Industry insiders remain skeptical about the potential impact of the plan and other government measures, saying there’s not much anyone can do without international buyers. Domestic consumption and emerging markets simply cannot make up what is lost from American and European buyers who order higher-priced goods at larger volume.
“There has been no big difference,” since the government raised export tax rebates and made other moves to help the industry, said Zhai Xiaoping, director of Shenzhen Textile Association. “The situation is mainly determined by the overseas market, by their demand. Business cannot be improved only by changing export rebate taxes.”
Zhai said he remains pessimistic about the outlook for the industry over the next year, despite concerted government efforts to address the situation.
“The key point for our production and sales hinges on the economic recovery of foreign countries,” he said. “If their economies do not experience a major improvement, I do think we can improve.”
Textile and apparel factory managers from several different manufacturing hubs across China reported little to no pickup in their business in recent months. They predicted more tough times ahead as the global slump continues and many said they are hoping simply to ride out the crisis. With the slump, the market for Chinese-made goods continues to shift, often to countries that pay less for the same products.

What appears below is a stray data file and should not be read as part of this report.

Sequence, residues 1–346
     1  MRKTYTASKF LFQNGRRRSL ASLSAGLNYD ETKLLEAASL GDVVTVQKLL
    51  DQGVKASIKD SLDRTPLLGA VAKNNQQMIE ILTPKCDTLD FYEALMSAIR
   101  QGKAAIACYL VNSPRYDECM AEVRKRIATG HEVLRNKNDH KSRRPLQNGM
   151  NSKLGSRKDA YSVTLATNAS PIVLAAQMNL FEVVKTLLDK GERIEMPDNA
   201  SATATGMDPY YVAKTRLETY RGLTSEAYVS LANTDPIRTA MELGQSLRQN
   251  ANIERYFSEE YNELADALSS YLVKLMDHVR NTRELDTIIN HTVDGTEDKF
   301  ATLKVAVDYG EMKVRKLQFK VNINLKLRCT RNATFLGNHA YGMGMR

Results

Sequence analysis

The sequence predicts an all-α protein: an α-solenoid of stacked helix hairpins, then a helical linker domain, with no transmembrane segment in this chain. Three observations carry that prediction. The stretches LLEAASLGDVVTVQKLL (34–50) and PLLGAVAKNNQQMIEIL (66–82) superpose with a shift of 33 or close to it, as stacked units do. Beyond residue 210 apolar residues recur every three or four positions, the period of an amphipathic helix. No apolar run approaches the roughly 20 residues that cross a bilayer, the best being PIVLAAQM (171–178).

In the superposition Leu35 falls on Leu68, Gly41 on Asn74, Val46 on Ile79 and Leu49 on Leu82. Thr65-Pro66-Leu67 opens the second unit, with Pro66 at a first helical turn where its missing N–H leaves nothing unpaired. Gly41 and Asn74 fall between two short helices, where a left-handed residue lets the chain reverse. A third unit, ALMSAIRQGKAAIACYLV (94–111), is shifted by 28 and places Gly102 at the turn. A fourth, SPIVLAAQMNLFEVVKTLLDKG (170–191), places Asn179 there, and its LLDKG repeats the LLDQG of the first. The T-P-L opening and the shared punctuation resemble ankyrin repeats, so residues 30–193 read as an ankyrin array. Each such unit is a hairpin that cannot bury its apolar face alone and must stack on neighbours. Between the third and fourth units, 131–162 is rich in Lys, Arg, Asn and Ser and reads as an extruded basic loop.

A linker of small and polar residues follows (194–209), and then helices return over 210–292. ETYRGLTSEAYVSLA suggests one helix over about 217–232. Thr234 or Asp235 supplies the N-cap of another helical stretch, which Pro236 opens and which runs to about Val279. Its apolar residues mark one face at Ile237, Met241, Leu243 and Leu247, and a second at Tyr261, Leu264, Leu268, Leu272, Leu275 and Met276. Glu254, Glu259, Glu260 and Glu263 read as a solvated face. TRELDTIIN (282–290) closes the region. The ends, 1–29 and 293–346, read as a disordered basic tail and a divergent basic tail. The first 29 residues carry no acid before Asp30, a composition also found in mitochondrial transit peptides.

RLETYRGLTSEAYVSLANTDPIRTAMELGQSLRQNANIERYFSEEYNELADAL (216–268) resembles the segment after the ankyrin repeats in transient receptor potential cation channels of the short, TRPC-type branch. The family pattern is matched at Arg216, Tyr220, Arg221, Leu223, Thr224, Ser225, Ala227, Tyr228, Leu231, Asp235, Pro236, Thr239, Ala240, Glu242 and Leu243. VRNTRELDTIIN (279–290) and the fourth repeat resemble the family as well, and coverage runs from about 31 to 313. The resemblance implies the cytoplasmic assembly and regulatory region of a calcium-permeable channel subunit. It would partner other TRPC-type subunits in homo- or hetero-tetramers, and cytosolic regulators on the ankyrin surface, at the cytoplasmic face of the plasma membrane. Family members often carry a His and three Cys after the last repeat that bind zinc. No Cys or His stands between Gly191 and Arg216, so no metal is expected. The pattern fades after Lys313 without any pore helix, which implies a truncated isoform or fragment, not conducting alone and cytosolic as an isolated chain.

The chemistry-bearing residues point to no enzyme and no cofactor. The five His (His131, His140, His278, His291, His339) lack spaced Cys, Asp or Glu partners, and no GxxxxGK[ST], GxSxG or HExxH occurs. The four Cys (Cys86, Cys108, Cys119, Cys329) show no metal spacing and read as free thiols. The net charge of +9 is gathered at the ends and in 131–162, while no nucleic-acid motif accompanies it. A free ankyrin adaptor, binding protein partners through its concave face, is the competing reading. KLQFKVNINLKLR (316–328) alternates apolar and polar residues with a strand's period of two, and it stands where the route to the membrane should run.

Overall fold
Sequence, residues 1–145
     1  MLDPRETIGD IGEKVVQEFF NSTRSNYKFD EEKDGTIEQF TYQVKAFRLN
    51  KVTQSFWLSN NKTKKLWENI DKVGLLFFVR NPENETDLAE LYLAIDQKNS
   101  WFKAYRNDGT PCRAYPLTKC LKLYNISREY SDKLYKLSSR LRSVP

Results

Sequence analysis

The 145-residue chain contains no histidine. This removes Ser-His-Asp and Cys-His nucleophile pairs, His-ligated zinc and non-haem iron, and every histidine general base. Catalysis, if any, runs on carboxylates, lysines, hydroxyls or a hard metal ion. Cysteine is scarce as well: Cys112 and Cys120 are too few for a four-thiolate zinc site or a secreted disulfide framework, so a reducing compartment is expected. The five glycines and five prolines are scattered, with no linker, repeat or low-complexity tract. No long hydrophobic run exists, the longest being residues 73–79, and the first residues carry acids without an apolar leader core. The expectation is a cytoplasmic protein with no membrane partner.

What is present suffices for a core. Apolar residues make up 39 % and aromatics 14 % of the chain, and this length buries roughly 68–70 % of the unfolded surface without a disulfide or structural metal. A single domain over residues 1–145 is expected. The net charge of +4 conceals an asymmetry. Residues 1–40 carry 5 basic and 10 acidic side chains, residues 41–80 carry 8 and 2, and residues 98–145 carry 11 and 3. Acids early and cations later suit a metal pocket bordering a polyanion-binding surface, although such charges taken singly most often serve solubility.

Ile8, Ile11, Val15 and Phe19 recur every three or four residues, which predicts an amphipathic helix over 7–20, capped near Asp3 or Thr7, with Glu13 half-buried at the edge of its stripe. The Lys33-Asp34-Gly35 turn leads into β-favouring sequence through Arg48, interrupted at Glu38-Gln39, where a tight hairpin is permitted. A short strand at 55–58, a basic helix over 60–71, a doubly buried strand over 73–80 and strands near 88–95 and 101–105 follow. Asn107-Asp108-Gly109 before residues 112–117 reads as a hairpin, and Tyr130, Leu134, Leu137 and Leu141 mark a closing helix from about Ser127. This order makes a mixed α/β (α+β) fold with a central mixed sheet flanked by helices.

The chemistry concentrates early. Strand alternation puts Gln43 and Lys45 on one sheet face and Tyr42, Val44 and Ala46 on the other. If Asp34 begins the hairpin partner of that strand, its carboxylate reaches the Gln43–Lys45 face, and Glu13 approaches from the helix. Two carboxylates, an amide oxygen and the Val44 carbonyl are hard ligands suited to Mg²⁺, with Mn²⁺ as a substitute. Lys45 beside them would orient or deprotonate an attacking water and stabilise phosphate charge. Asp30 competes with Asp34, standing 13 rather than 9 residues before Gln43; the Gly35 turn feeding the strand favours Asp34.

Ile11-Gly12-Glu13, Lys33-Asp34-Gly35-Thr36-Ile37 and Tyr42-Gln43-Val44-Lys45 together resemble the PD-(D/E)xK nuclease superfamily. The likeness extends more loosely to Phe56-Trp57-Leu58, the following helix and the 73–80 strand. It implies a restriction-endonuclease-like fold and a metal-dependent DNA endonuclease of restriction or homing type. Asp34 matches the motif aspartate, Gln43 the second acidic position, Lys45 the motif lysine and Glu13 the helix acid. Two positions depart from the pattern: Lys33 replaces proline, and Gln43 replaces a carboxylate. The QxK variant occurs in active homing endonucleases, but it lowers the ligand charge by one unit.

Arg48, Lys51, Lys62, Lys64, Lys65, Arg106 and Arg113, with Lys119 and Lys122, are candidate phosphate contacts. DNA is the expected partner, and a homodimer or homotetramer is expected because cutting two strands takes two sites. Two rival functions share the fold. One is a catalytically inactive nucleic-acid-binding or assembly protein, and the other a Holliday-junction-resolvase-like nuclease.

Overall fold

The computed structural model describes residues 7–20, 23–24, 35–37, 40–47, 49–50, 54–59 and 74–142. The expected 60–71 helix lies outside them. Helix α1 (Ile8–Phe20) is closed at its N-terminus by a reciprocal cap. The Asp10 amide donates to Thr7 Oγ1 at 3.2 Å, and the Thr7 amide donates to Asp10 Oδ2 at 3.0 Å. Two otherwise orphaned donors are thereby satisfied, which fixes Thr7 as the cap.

“We used to have many American and European customers, but now we have none,” said Chang Yan, a marketing representative for a Shandong-based textiles company. “Our overseas customers now come from Japan and [South] Korea.”
On the whole, demand in the national market is decreasing, said Ling Liangzhong, who works for a textile maker in Jiangsu province. “But our company is doing OK,” he added.
In the long term, company and industry officials said the only real solution to returning the industry to its former production glory is a return of those once plentiful but now elusive American and European buyers.
“The government has already done almost everything it can,” said Zhai. “This issue cannot be resolved only by the Chinese government. It will be determined by the situation overseas.”